Bargain hunters are not the only ones who’ve been looking forward to the Black Friday sales… fraudsters have been getting ready too. The fraud rate – that is the number of attempted frauds as a proportion of overall transactions – for the six weeks from the beginning of October was 385% higher than in the same period last year and 117% higher than the average daily rate this year, according to data from Sift. This year’s high fraud rate seems to reflect in part the increase in online shopping as a result of the lockdown of traditional retail outlets.
We anticipate the fraud rate will continue to remain high as shoppers head online to get a Black Friday deal and do their Christmas shopping. The Black Friday and Cyber Monday shopping frenzy provide fertile ground for criminals to post fake adverts for goods which are never sent, but in exchange for which money has been sent or personal information provided. UK Finance disclosed in September 2020 that the average loss per customer for a purchase scam, where the customer pays in advance for goods or services that are never received, was £720. Only 22% of these losses are reimbursed.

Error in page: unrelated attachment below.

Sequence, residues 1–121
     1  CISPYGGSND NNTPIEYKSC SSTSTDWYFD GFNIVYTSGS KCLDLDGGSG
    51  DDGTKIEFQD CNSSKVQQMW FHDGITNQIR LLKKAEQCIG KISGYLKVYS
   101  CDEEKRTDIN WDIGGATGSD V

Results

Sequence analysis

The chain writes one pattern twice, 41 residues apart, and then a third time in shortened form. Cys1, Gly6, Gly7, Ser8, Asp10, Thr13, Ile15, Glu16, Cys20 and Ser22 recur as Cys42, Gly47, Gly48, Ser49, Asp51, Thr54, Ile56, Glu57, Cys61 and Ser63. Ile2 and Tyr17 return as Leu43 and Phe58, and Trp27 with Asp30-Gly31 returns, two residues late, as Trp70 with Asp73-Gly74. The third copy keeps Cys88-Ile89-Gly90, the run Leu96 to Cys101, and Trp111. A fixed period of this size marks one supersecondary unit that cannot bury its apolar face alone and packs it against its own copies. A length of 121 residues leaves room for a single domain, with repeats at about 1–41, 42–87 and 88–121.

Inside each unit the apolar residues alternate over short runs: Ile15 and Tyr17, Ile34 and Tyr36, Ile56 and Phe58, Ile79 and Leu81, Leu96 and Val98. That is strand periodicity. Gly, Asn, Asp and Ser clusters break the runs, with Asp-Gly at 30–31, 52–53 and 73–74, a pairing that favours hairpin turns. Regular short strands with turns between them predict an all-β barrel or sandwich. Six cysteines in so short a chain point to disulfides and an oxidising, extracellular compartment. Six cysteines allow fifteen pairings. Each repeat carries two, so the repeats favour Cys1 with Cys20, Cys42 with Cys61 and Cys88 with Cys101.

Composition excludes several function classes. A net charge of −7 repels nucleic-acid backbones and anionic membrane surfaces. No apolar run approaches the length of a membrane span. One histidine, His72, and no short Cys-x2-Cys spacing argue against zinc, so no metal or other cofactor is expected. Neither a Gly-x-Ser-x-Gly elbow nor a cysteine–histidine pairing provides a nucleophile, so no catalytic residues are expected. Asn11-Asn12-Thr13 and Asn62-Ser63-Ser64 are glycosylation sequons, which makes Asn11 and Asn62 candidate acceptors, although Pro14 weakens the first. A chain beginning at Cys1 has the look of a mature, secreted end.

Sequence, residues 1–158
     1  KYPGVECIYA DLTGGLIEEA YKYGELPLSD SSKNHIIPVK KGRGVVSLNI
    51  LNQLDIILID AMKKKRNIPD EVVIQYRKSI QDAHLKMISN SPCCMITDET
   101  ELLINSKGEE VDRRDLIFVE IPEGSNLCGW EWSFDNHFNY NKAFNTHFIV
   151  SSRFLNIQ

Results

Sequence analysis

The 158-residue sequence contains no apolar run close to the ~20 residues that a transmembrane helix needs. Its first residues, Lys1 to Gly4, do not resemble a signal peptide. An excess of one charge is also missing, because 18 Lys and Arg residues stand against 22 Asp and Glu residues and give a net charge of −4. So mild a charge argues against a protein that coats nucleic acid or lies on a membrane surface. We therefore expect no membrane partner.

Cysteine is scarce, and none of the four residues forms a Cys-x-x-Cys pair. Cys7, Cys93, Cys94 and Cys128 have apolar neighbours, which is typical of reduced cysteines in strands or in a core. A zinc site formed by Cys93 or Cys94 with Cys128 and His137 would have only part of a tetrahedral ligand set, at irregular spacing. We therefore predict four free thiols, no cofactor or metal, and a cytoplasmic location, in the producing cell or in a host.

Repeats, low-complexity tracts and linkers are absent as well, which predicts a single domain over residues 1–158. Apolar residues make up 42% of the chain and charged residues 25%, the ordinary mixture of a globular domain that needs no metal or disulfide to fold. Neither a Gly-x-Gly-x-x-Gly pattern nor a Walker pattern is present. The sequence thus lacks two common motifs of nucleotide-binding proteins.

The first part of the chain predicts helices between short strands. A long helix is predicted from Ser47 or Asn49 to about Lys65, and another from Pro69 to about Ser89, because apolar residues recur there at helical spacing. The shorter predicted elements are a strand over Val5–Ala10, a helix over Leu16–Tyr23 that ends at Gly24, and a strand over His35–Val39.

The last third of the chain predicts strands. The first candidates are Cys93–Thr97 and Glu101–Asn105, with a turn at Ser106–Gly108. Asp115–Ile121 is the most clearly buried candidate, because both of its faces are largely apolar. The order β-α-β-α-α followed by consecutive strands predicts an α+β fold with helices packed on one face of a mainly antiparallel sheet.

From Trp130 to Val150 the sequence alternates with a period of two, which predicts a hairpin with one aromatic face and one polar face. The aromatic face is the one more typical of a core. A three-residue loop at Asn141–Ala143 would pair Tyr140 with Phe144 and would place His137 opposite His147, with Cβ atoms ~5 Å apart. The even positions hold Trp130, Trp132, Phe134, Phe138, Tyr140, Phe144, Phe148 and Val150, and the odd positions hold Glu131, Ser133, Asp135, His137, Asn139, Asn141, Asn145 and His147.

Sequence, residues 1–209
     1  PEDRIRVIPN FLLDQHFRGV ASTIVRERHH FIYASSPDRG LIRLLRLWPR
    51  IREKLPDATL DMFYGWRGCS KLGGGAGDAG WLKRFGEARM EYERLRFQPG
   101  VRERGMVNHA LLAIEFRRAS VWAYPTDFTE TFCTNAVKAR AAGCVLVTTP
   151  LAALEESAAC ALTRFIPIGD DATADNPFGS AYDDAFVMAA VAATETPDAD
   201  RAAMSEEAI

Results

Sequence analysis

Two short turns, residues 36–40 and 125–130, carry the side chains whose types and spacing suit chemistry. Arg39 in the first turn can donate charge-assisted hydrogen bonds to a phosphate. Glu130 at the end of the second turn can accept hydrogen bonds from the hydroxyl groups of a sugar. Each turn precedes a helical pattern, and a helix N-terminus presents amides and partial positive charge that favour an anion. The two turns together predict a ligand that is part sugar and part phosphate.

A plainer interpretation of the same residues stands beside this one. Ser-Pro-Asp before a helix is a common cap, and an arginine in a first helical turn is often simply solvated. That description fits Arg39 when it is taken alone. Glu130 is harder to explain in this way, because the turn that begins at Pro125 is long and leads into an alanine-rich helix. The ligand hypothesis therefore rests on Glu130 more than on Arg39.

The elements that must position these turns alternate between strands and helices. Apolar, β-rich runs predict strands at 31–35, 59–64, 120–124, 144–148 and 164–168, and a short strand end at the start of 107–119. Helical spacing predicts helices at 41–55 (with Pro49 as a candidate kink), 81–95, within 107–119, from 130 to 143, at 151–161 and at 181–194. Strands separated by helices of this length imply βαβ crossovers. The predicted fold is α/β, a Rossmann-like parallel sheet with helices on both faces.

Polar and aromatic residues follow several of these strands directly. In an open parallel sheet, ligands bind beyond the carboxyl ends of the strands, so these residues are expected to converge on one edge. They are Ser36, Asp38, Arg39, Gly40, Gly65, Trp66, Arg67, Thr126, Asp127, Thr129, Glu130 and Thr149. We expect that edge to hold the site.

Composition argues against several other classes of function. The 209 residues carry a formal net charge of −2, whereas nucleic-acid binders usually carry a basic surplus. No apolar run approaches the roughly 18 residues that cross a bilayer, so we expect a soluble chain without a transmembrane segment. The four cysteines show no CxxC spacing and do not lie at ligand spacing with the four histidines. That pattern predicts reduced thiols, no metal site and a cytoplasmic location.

On 23 November, Action Fraud launched a new campaign to tackle fraud over the festive period: #FraudFreeXmas. Action Fraud reported that criminals conned shoppers out of almost £13.5m over last year’s Christmas period, with most scams involving mobile phones and electronics. The campaign contained stark warnings about "too good to be true" Black Friday deals and urged customers to take care online.